A New York Times primer on corporate income tax reform is being much blogged today. The consensus seems to be that it points to the impossibility of reform, because so many companies enjoy so many loopholes. Jonathan Chait despairs:
Guess what? The interest of the companies benefiting from loopholes outweighs the interest of the companies that would like lower rates. If nothing else, loss aversion will drive the loophole beneficiaries to lobby harder than non-beneficiaries. My prediction: nothing happens.
Personally, I found the article incredibly confusing, and the graph attached to it not much more enlightening. It is not surprising that utilities have a much higher effective tax rate than biotech, pharma, internet companies, and so forth. That's because the US government assesses taxes over a period of years, but the effective tax rate is a snapshot of a single year.
To see what I mean, imagine a startup company that doesn't make any money for two years, and then hits big with a blockbuster product in year three. In the first few years of its life, that company will accumulate something called a Net Operating Loss credit (NOL) which it can "carry forward" for a few years to apply against future taxes. This is how the IRS keeps from putting firms with "lumpy" (i.e., episodic) profits out of business.
So in year 3, the company will apply its NOLs from the prior years to this year's income, lowering its effective tax rate. Meanwhile, all the companies that haven't got any profits drop out of your sample altogether--we don't measure the effective tax rate of companies that don't owe taxes. Essentially, if you are on a cycle where you have one fat year for every two lean years--not an unlikely cycle for firms in risky businesses such as biotech--the effective tax numbers will only measure the fat years, at which point it looks as if you have three times as much income as you really do, because you're in a business where that year's income has to stretch over a number of years. (If it confuses you to think about biotech startups this way, think about movie actors).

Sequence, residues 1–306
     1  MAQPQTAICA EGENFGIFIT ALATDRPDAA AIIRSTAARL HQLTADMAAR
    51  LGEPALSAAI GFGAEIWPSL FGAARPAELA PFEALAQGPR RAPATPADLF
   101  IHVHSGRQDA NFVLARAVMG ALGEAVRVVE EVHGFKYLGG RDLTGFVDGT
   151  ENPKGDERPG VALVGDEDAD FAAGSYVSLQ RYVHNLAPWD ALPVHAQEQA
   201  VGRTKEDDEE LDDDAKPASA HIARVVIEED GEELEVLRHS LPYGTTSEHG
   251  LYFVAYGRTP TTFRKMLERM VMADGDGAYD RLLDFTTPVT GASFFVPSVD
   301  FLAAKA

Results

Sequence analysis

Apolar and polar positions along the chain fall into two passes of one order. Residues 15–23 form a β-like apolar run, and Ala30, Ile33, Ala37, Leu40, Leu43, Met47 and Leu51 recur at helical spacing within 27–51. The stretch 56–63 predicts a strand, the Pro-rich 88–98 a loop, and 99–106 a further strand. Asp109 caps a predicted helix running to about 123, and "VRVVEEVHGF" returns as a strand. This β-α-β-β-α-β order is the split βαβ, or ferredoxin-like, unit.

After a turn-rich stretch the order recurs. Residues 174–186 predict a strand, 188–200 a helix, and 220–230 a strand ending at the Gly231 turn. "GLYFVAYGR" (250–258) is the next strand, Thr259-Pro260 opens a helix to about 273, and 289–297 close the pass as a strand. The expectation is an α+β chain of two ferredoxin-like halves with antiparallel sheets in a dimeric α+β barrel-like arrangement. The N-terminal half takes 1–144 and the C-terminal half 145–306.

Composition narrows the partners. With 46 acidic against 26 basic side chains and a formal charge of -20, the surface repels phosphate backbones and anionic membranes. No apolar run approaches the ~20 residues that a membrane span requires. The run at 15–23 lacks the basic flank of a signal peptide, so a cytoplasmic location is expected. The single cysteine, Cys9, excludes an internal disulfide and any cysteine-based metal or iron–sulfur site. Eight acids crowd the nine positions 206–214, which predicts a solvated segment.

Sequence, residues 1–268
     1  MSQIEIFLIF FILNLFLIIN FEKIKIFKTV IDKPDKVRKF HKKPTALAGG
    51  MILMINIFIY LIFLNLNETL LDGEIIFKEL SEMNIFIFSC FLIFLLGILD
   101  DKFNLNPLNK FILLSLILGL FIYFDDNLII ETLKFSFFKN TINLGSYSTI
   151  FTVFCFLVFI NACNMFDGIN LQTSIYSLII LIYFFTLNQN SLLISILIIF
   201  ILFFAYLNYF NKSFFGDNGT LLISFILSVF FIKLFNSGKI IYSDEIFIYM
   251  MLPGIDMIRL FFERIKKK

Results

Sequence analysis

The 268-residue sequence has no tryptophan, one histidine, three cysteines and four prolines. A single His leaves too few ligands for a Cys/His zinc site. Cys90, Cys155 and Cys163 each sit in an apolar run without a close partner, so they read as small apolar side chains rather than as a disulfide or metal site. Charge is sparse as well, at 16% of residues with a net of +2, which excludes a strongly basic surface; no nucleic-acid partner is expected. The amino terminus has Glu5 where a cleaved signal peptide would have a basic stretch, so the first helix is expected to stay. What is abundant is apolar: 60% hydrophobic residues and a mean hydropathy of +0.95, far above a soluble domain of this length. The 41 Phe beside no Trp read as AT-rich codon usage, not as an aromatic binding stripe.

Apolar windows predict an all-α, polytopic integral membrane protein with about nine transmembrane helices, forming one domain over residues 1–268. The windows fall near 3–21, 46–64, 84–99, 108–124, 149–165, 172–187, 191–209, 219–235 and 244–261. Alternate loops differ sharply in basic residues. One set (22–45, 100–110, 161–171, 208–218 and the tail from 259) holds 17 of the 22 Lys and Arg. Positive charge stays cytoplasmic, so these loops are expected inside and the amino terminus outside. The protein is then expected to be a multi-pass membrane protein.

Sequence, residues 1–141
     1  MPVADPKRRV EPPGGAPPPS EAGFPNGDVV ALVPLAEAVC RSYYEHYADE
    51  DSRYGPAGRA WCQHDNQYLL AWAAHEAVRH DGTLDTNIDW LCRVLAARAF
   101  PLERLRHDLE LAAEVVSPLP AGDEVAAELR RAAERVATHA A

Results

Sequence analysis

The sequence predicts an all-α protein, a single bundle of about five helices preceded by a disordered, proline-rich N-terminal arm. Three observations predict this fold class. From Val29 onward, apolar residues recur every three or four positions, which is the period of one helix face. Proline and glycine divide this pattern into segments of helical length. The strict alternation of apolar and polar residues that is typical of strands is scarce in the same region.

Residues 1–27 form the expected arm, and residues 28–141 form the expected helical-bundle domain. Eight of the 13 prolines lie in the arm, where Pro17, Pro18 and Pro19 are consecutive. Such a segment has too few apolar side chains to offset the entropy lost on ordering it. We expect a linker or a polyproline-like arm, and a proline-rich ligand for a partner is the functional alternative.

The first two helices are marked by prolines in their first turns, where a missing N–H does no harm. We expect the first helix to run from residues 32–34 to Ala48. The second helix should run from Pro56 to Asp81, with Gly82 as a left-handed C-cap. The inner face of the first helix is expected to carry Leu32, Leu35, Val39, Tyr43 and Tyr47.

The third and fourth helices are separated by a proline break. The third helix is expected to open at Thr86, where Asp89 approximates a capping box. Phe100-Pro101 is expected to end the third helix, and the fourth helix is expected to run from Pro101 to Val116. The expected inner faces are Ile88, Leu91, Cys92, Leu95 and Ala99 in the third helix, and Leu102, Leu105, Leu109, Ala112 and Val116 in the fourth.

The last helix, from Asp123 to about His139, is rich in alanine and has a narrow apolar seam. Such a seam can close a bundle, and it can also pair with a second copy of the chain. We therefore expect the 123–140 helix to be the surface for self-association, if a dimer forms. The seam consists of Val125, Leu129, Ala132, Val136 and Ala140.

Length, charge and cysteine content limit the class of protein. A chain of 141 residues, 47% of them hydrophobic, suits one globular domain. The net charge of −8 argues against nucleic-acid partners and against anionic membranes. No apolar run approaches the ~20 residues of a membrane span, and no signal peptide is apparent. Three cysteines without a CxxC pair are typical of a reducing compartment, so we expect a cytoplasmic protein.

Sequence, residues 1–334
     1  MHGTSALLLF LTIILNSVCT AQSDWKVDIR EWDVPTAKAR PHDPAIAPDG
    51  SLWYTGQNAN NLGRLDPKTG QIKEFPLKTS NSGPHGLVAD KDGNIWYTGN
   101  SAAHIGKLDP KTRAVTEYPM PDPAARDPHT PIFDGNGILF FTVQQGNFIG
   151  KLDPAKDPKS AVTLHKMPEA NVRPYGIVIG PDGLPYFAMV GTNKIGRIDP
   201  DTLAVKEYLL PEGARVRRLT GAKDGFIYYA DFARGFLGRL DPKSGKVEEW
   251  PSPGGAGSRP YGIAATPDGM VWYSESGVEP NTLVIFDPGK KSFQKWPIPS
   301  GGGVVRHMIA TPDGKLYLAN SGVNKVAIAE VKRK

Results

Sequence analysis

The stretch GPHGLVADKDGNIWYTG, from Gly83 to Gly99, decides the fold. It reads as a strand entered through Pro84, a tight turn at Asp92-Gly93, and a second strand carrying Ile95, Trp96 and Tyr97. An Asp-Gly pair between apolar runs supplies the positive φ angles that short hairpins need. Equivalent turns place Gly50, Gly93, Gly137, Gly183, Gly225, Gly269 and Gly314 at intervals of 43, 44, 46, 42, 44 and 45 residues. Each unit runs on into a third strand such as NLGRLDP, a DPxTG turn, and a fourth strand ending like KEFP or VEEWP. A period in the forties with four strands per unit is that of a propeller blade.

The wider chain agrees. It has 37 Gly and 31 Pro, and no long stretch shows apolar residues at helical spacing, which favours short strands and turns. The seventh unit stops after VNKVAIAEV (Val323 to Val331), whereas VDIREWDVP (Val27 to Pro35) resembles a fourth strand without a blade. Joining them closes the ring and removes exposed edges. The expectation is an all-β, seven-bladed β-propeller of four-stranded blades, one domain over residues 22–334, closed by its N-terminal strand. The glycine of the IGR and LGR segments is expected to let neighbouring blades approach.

On the other end of the spectrums, we have highly regulated quasi-public utilities, whose rates are set on a "cost plus" basis and who would have to work really, really hard to lose money. Those firms have a high effective tax rate, because they never have bad years to generate NOL carryforwards/carrybacks.
Now, that's not the only thing going on here, obviously. But it's almost certainly part of it. And the article doesn't really clear up my puzzlement. For example, it discusses Google as lowering its taxes by funneling income through Ireland. But US companies cannot lower their taxes by funneling money through anywhere; their tax rate on income earned abroad is the US tax rate, minus the foreign taxes they've already paid. What a US company can do is leave money it earned in Ireland, in Ireland. I'm also not clear on how the company reduced its effective tax rate by claiming a deduction for research and investment, as the article says, since as far as I know, R&D is an expense for both tax and financial accounting purposes. (Can any tax lawyers comment?)
A lot of the people blogging about this seemed to think that corporate tax simplification would look like personal income tax simplification--just zero out all the deductions and have one flat rate on all income. But it doesn't work this way; a lot of the complexity comes from determining what constitutes income. Otherwise, what you've got is a gross receipts tax, which is problematic on all sorts of levels, most notably because it rewards low-cost service businesses, and punishes any industry that requires substantial operating costs or capital investments.
As I've noted before, the government can assume that the operating costs for a person are basically the same across people--you may think that a 3,500 square foot lake house and a BMW are essential operating equipment, but the government disagrees. That means it can simply tax gross income and leave it up to you to figure out how to make your wants fit your means. But The government cannot assume that a dog-walking business is the same as an aluminum smelter. That means that there will still be deductions for legitimate expenses--and wrangling over what constitutes a legitimate expense.
That doesn't mean that we couldn't substantially simplify the tax code--though liberals should note that this wouldn't just mean taking away stupid export deductions, but also rescinding stupid windfall taxes and the like, such as our bevy of "let's punish large oil companies for being big and selling something we need" special tax provisions. But the deductions aren't going away entirely. If you thought that they were, then yes, you are bound to be disappointed.
We want to hear what you think about this article. Submit a letter to the editor or write to email@example.com.